A note about my experience on screenprinting fabric with latex house paint…
I have been screen printing fabric with latex house paint for at least 3 years now. I have successfully printed a lot of things: napkins, pillow covers, curtains, t-shirts, tote bags, etc. I have exclusively printed on cotton, linen, and ramie, so I can not speak for synthetic fabrics.
I hesitated sharing this information because
1.) I wanted to make sure I knew what I was doing before putting it out there, and
2.) I was not sure how it would be received. In the end, I figured, if it can help someone else, it’s worth the risk of an internet backlash (ha-ha!)
I mostly print on things that will not get a lot of washing, but I have successfully machine washed, and hand-scrubbed fabrics that I printed. I have found that it is best to wait at least a week or so, to let the paint cure, before attempting any washing.
So obviously, you can not just glop on some house paint onto your screen and expect a good print. If that was the case, everyone would be doing this already. There are a few reasons this would not work out.
- Latex paint, used in its pure form, is too runny to be pulled through the screen.
- Latex paint, used in its pure form, dries REALLY fast, and will gunk up your screen.
- Latex paint, used in its pure form will leave a nasty haze on your screen, because it dries so quickly.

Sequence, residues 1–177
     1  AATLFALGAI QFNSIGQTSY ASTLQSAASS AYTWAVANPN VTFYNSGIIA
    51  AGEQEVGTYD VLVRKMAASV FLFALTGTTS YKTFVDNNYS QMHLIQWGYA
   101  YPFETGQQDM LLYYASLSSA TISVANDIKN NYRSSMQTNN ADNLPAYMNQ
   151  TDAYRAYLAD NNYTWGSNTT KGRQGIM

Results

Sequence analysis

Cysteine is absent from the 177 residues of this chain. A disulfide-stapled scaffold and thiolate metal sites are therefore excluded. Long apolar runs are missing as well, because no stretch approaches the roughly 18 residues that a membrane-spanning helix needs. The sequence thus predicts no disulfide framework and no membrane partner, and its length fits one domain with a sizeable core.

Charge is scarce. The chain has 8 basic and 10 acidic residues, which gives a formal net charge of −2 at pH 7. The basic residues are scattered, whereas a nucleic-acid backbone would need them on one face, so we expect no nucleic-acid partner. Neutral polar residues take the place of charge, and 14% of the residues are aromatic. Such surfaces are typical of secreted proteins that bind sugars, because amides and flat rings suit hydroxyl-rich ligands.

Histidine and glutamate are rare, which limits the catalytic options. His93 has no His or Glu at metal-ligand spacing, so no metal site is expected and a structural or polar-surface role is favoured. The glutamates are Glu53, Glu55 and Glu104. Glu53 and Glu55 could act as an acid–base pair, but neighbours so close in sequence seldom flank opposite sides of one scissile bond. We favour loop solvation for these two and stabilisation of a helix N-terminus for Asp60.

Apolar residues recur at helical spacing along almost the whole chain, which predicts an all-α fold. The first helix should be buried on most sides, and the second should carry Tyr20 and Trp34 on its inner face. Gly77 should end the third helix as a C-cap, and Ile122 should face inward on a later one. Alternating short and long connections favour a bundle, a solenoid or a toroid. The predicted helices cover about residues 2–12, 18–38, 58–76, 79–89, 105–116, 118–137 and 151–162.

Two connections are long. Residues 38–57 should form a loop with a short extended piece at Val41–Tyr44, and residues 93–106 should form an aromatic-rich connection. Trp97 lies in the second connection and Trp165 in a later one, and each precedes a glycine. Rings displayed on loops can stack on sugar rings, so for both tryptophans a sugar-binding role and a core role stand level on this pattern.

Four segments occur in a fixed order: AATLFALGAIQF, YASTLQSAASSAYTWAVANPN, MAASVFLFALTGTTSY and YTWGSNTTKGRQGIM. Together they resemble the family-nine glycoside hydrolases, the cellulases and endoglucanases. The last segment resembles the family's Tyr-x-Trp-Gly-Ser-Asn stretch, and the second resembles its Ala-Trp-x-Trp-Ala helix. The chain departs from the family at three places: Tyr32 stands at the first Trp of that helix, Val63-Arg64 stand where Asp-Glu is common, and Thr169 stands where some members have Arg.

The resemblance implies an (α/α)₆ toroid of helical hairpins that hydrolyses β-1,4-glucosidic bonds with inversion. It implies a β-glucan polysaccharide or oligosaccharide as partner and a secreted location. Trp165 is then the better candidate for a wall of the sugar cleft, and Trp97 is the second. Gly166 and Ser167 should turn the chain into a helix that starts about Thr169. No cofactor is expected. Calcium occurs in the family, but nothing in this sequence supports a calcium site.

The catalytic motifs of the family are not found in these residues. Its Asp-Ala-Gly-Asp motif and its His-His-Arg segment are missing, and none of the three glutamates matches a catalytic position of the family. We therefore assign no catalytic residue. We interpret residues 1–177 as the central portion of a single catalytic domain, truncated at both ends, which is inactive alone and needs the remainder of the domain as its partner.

- Latex paint, used in its pure form dries stiff on fabric, leaving a not very pleasant ‘hand.’ Because of this, it also tends to crack over time and washings.
- Latex paint, used in its pure form, *may not be* wash-fast. This is debatable.
I call these ‘challenges to overcome’.
In order to make latex house paint suitable for printing, it needs to be ‘modified’ and ‘extended.’
Modifying & Extending the Paint:
Extending the paint simply means diluting it. This means that you are not using the paint at full strength.
You will be diluting the paint with a thickener. Wait, what? Yes, you are thinning with a thickener. It will make complete sense, I promise.
Latex house paint is highly pigmented and can stand to be thinned. Strangely, the color is not noticeably lightened in this process.
Extending the latex house paint solves challenges #1-4. Extending the paint will:
- Thicken, duh. Now you can pull it thru the screen.
- The extender used will slow down the drying process.
- Because it will now dry slower, there’s less likelihood of it drying on your screen, leaving the haze of color, and possibly blocking the holes on your screen.
- Because the paint has now been extended, it will dry on the fabric with a much softer hand, and the paint will not crack on your fabric with repeated washings.
Modifying the paint just means that you will add textile medium. This solves challenge #5. to make the paint wash-fast.
Now, I’m of 2 minds regarding washability. I believe that latex paint is washable on fabric.
Think about the last time you got paint on your clothes while painting. How hard was it to get that paint out? Extremely.
I add textile medium for extra protection. I do not really believe that latex house paint needs textile medium to be wash-fast.
On the other hand, I’m nervous to leave it out.
So you want to know what I use to extend my paint, huh?
I have tried a variety of products to make my paint screen-able. Here are the ones that I have tried.
- Shaving Cream. The cheaper the better.
- Clear, non-flaking hair gel. The cheaper the better.
- Unscented Lotion (yes, lotion) The cheaper (think dollar store) the better.
- Mineral Oil
- Permaset Aqua Print Paste
So there ya have it.
In the next post, we will dive into more detail about each of these materials. If you have not, subscribe here so that you don’t miss it..